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E.D. To Base Most Grant Awards for 1992-93 On 1980 Census Data

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WASHINGTON--The Education Department will base most grant awards for the 1992-93 school year on 1980 census data rather than wait for data from the 1990 census, Secretary of Education Lamar Alexander announced last week.

In a statement, Mr. Alexander noted that counts of low-income families, which are needed to compute awards under the Chapter 1 compensatory-education program and other programs, are not expected to be available before July.

Waiting that long would have left many school districts uncertain of how many Chapter 1 teachers their budgets could accommodate. Most states require districts to notify teachers of potential layoffs in early spring.

Local school officials became alarmed in recent weeks after they learned that Mr. Alexander planned to wait for the new data to become available. (See Education Week, April 8, 1992.)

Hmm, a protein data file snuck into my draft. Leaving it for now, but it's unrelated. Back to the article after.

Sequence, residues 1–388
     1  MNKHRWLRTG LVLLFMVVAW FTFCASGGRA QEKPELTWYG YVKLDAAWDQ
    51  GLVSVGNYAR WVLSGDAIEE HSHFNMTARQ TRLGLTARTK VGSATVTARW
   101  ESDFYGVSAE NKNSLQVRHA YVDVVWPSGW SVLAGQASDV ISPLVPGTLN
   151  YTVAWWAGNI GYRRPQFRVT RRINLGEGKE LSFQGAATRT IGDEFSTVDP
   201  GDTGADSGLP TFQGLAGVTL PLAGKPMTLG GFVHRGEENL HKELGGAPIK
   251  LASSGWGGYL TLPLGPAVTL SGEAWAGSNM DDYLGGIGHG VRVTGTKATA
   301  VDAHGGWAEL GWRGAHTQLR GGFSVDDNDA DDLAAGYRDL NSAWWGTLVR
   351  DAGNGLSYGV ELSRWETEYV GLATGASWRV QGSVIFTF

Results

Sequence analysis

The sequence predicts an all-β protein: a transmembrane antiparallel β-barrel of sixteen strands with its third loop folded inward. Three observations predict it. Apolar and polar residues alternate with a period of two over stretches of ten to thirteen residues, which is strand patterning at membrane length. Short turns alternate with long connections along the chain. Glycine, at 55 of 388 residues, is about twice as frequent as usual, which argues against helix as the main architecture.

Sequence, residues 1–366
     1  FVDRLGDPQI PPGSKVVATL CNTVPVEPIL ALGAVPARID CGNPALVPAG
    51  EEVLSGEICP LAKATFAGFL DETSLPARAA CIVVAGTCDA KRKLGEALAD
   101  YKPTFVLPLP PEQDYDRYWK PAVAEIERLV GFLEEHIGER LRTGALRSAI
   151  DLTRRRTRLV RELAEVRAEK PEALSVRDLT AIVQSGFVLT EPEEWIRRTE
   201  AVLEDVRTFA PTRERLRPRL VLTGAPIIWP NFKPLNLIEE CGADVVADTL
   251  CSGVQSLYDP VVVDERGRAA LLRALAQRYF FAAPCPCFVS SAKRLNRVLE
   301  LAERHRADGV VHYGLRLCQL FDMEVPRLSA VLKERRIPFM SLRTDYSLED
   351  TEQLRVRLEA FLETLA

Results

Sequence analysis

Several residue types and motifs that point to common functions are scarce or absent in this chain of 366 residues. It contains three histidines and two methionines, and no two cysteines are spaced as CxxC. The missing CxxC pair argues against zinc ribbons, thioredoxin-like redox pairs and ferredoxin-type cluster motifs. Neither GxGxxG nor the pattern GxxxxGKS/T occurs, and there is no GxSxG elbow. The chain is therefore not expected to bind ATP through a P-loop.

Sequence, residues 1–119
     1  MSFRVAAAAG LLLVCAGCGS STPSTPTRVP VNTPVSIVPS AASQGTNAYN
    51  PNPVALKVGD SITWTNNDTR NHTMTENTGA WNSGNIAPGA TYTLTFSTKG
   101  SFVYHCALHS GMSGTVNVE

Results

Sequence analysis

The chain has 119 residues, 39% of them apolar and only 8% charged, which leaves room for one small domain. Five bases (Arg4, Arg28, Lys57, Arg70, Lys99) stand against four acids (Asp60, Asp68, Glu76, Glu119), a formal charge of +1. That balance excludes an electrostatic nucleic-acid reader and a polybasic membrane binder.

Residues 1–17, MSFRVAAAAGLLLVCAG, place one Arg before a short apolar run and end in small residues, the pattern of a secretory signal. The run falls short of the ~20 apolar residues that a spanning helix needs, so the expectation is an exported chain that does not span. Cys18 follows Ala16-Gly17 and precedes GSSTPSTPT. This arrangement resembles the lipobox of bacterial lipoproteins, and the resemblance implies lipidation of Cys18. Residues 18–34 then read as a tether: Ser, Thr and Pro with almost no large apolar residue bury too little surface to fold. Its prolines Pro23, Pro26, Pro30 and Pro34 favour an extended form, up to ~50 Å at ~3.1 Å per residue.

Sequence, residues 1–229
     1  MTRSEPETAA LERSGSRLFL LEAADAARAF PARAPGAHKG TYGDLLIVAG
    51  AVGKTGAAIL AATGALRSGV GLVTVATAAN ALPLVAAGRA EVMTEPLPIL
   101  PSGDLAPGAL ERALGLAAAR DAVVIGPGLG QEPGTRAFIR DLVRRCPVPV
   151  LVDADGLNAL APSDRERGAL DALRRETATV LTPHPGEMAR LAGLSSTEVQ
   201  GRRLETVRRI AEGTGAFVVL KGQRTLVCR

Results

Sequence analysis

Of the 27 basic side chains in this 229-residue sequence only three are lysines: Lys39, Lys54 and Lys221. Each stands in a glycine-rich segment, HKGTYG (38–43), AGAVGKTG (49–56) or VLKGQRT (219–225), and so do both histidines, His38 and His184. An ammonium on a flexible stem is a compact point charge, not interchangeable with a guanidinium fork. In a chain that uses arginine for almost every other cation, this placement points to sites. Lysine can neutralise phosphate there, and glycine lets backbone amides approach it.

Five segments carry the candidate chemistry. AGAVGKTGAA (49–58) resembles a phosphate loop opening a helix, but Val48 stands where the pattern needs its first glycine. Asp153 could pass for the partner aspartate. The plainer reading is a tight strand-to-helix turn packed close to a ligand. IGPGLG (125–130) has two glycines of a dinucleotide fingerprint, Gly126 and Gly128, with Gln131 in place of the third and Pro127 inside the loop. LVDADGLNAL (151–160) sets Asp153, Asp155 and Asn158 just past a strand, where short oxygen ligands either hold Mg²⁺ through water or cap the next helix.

Letter to Governors

In a letter to governors, Mr. Alexander said "the 1990 data will not be available on a satisfactory basis that would permit timely planning and implementation of Chapter 1 programs throughout the nation.''

The department will again use 1980 census data, which have determined funding allocations since 1983.

States that have gained significant numbers of students since 1980, such as California, Texas, and Florida, would have received more funds had the more recent data been used.

School-age population declined nationally during the decade, and the states that saw the most dramatic decreases would have lost a significant amount of federal aid this year had the 1990 data been used.

Other Programs Affected

In addition to Chapter 1, Mr. Alexander's decision affects other programs under which allocations are based in whole or in part on the Chapter 1 formula.

Such programs include Even Start, the Eisenhower mathematics and science program, the McKinney Act program for homeless children, some vocational-education programs, and the Drug-Free Schools and Communities Act.

Programs whose allocations are based entirely on school-age population--most notably the Chapter 2 block grants--are not affected, as that information is updated with annual estimates and current data is already available.--J.M.

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